|Publication number||US20090103452 A1|
|Application number||US 11/875,662|
|Publication date||Apr 23, 2009|
|Filing date||Oct 19, 2007|
|Priority date||Oct 19, 2007|
|Also published as||CA2641082A1, EP2051407A2, EP2051407A3, EP2051407B1, US8811265|
|Publication number||11875662, 875662, US 2009/0103452 A1, US 2009/103452 A1, US 20090103452 A1, US 20090103452A1, US 2009103452 A1, US 2009103452A1, US-A1-20090103452, US-A1-2009103452, US2009/0103452A1, US2009/103452A1, US20090103452 A1, US20090103452A1, US2009103452 A1, US2009103452A1|
|Inventors||John M. Horvath|
|Original Assignee||Honeywell International Inc.|
|Export Citation||BiBTeX, EndNote, RefMan|
|Patent Citations (26), Referenced by (9), Classifications (9), Legal Events (1)|
|External Links: USPTO, USPTO Assignment, Espacenet|
Some aircraft and other military vehicles are designed to keep their detection from their enemy secret. For example, planes are made stealth so they are difficult to pick up by radar. Similarly submarines are made stealth to reduce noises made as they travel through the water. Likewise tanks are colored to match the color of their surroundings. One method used to determine the presence of military vehicles in a fleet is by monitoring communications between command centers and vehicles or between vehicles in the fleet. Even if the communications are encrypted, the number of vehicles in the fleet can be determined based on the number of communication signals to and between the fleet members. Moreover, the discovery of the number of vehicles in a fleet can seriously hamper operations of a mission.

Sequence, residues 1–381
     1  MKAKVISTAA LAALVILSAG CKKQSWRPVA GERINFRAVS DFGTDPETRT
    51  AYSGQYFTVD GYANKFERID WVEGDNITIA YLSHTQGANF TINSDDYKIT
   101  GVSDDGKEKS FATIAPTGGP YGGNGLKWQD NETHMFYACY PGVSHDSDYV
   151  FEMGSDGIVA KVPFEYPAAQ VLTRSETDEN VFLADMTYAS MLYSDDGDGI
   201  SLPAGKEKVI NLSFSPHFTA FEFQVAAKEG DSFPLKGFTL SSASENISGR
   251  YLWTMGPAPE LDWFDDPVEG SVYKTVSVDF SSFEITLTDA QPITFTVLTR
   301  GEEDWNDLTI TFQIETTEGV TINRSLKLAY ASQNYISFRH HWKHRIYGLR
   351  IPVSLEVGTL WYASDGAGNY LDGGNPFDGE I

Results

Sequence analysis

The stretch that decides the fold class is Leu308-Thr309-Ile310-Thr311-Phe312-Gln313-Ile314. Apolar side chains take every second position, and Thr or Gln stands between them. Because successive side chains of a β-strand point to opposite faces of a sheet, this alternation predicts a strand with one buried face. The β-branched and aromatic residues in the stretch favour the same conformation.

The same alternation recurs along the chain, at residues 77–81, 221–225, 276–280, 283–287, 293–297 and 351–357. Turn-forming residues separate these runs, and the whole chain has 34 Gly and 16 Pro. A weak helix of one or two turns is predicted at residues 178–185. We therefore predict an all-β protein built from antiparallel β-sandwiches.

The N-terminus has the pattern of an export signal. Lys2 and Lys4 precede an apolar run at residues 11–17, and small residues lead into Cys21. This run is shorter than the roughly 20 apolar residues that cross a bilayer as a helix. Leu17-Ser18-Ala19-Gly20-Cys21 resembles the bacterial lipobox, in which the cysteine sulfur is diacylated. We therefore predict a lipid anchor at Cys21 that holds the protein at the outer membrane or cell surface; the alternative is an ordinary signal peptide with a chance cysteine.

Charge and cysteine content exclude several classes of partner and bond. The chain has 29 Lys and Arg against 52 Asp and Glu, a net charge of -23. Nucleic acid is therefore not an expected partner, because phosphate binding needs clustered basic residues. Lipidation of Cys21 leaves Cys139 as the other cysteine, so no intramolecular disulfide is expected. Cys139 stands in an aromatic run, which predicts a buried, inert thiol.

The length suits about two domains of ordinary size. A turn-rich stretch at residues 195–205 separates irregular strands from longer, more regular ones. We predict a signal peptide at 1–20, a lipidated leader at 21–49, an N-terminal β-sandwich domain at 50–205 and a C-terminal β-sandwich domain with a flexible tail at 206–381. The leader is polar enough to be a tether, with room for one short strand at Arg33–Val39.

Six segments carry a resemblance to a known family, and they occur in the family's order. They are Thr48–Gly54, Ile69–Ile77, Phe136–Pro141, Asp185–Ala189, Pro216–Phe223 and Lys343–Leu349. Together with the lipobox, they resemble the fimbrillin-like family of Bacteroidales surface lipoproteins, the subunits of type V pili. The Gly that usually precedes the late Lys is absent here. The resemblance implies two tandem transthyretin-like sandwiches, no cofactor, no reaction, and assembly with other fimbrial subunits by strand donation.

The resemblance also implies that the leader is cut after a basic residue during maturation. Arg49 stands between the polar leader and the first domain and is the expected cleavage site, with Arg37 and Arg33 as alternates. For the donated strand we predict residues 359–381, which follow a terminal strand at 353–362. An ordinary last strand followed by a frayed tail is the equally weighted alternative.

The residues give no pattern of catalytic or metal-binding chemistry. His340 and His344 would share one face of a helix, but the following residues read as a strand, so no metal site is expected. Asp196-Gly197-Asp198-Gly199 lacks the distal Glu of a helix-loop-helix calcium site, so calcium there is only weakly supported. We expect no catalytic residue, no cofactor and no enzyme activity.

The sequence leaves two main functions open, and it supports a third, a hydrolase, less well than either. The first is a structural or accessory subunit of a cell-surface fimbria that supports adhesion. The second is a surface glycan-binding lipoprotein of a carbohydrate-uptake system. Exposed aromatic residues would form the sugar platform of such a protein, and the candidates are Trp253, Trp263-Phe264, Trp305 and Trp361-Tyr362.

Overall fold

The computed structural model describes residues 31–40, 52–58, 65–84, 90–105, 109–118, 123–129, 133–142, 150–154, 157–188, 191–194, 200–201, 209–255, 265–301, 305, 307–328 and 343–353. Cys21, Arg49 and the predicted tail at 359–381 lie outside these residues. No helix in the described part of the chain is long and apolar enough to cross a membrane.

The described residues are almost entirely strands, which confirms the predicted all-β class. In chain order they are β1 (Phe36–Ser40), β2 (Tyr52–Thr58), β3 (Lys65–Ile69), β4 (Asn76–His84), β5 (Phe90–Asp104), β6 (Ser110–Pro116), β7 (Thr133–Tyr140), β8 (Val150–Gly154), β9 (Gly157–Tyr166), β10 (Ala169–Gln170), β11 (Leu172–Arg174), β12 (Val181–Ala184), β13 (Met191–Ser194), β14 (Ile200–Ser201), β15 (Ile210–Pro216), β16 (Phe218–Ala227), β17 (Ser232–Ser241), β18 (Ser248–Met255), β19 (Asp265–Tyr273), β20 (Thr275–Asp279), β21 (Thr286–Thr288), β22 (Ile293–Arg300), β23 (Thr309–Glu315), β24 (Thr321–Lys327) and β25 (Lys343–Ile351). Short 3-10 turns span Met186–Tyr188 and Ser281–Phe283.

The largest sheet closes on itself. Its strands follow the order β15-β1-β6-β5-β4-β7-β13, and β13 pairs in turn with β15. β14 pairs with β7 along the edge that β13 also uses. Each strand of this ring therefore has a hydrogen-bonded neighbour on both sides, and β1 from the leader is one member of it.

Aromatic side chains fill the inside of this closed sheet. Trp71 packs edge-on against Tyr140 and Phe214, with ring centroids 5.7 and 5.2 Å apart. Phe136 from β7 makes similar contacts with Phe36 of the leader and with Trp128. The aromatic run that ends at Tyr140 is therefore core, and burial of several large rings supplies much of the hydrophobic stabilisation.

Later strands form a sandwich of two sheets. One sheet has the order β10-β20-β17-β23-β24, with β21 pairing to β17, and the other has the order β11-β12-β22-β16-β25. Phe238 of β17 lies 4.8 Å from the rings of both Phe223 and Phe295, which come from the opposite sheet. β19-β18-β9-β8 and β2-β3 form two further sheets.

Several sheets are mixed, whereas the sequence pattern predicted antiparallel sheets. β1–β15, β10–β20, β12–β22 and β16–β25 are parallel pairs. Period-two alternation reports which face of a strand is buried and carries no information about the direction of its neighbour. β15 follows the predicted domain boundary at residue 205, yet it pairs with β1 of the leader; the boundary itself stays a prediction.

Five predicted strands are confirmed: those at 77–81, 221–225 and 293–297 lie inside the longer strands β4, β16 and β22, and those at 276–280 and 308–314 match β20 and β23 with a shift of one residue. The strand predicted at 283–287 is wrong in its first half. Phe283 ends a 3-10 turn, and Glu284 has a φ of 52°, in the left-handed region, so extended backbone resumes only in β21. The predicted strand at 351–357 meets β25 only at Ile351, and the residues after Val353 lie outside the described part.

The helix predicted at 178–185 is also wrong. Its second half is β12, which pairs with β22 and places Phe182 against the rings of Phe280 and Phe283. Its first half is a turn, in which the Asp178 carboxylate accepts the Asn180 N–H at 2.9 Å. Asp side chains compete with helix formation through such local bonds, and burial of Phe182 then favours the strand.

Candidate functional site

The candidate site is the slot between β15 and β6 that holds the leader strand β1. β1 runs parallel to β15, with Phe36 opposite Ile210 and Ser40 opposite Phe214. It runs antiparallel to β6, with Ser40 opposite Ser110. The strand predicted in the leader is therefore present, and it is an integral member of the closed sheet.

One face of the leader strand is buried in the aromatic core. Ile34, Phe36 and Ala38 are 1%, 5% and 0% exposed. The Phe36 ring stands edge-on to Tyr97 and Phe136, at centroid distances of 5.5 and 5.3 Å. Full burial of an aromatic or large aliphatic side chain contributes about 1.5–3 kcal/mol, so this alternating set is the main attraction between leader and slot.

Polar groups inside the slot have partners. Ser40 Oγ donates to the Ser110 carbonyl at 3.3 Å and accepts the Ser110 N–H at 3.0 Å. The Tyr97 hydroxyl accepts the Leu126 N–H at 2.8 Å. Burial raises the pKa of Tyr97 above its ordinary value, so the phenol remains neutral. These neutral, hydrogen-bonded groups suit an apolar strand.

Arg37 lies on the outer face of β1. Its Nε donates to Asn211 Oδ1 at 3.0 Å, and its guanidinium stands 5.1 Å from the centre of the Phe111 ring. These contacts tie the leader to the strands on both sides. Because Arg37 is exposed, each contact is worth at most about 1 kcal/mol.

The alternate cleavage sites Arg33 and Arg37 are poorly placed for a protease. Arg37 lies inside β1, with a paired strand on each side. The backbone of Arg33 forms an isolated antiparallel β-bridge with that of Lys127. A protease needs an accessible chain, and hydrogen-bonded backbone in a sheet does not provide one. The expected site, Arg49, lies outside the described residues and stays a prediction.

For the reasons stated above and for other reasons stated below which will become apparent to those skilled in the art upon reading and understanding the present specification, there is a need in the art for a method to prevent the number of vehicles in a fleet from be detected by communication signals.
The above-mentioned problems of current systems are addressed by embodiments of the present invention and will be understood by reading and studying the following specification. The following summary is made by way of example and not by way of limitation. It is merely provided to aid the reader in understanding some of the aspects of the invention.
In one embodiment, a method of communicating with a fleet of vehicles is provided. The method includes communicating relatively long range communication signals to a fleet router. The fleet router is a select one of the vehicles in the fleet. The method further includes forming an ad-hoc communication network with the vehicles to communicate relatively short range communication signals between the vehicles in the fleet. Wherein each vehicle in the fleet uses detected surveillance information to determine the network topology and each vehicle routes messages based on the discovered network topology.